The Senate bill in its current form would cut taxes on the wealthy and the medical industry, reduce subsidies for insurance coverage, and, for the first time in U.S. history, cap the growth of federal Medicaid spending. The proposed reductions in this state-federal program for low income and disabled people, created under President Lyndon Johnson as part of his Great Society initiatives, “dwarf the increases that occurred through the ACA,” said Henry Aaron, a Brookings Institution economist.
In 2014, Aaron estimated that Obamacare would have a clear economic effect, boosting the incomes of the bottom fifth of Americans by from 3.4 to 5.3 percent, depending on how health insurance is valued. If the Senate bill's cuts to Medicaid become law, those gains would be reversed and then some. The CBO estimated that, in 20 years, federal funding for Medicaid would be reduced by 35 percent (PDF) compared with current law.
The country’s lopsided income distribution is mirrored in its vital statistics. The top 1 percent of Americans by this measure live an average of almost 15 years longer than the bottom 1 percent, according to a study of tax and death records published last year in JAMA. Like income gains, health improvements have been concentrated at the top. From 2001 to 2014, life expectancy for men in the top 5 percent by income increased two years and four months; for women, by almost three years. In the bottom 5 percent, men gained fewer than four months, and women’s average life expectancy increased by just two weeks.
Some conservatives argue that expanding health insurance hasn’t been shown to improve health. In fact, having coverage wasn’t meaningfully linked to longer life expectancy in the JAMA analysis. A rigorous study in Oregon of people who were randomly selected to get Medicaid coverage failed to find gains in physical health over two years. Medicaid did, however, improve people’s mental health, leading to lower rates of depression. It also improved their finances, reducing out-of-pocket spending, medical debt, and catastrophic costs.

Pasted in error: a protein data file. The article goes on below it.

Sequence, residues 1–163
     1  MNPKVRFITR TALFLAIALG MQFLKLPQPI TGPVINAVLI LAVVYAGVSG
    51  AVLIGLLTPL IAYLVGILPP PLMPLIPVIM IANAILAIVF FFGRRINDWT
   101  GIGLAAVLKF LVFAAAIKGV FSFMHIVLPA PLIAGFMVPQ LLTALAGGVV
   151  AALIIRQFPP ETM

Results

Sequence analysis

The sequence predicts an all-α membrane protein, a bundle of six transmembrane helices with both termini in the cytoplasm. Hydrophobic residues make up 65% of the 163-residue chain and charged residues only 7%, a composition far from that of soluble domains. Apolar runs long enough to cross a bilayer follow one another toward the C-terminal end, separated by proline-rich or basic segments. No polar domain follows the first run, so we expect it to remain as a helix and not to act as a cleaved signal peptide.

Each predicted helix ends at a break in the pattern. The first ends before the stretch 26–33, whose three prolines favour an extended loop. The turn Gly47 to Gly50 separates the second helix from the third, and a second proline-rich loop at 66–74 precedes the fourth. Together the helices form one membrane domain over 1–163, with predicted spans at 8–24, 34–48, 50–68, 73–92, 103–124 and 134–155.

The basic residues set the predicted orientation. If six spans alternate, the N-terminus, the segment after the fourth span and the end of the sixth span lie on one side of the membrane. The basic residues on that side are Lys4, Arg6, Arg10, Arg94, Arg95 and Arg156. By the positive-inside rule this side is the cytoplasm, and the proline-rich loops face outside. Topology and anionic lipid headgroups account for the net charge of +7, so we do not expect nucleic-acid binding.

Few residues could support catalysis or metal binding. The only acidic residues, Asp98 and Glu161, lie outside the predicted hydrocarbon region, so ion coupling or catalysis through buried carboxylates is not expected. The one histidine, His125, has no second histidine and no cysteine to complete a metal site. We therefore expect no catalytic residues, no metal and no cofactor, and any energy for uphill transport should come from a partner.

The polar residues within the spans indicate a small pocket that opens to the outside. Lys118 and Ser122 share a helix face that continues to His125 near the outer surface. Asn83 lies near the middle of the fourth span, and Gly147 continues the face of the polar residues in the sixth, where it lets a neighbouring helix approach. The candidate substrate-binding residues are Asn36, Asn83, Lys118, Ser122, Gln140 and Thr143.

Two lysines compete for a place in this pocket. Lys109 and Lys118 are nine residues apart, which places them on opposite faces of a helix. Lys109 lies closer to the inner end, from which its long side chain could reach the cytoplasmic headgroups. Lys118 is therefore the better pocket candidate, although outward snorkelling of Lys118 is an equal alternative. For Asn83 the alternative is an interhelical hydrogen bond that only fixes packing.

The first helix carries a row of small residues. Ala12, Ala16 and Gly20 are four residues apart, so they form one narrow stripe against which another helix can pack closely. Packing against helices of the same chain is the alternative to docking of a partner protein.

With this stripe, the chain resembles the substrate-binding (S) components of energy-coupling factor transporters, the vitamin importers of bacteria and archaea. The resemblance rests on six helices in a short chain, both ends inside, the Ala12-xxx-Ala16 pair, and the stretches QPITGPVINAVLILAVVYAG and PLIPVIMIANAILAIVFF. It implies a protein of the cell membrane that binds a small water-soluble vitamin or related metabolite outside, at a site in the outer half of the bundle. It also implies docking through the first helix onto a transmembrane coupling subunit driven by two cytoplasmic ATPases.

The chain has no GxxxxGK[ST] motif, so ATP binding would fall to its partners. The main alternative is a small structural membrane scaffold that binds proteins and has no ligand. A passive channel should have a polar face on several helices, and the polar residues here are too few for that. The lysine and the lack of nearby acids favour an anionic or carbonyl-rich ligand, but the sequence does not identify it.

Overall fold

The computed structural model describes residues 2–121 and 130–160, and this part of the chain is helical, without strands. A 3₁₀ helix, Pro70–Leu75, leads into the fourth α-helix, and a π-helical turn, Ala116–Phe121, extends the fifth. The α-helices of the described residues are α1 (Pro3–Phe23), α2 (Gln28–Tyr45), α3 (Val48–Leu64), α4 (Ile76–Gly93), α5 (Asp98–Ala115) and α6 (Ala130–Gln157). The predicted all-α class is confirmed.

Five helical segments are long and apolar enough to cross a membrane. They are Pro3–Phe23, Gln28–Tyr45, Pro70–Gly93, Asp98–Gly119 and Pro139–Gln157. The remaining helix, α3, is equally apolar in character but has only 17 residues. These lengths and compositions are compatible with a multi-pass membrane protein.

In Ohio, more than a million people have gotten Medicaid coverage over some period of time since 2014 under Obamacare. “Medicaid expansion is really about getting people ready to work,” says Ohio Medicaid Director Barbara Sears. Three-quarters of those newly covered who were looking for work said being on Medicaid made it easier to look for jobs. Moreover, a majority of those employed said having access to Medicaid helped them stay on the job, according to a state survey (PDF).
What’s the connection? Perhaps America’s opioid epidemic plays a role: Sears said she’s heard hundreds of stories of Ohioans struggling with addiction who were able to return to the workforce after getting treatment paid for by Medicaid.
“If I have a mental health or addiction issue, I may be able-bodied but not work-ready,” Sears said. She added that rolling back the expansion, which is funded mostly by the federal government, would trigger larger state expenditures under other, more expensive programs for the disabled.
Ohio’s Republican governor, John Kasich, has urged Senate Republicans to keep Obamacare’s protections for the poor. He and six other governors of both parties sent a letter to Senate leaders last month saying that the plan passed by the House, which is similar to the Senate plan, “calls into question coverage for the vulnerable and fails to provide the necessary resources to ensure that no one is left out, while shifting significant costs to the states.”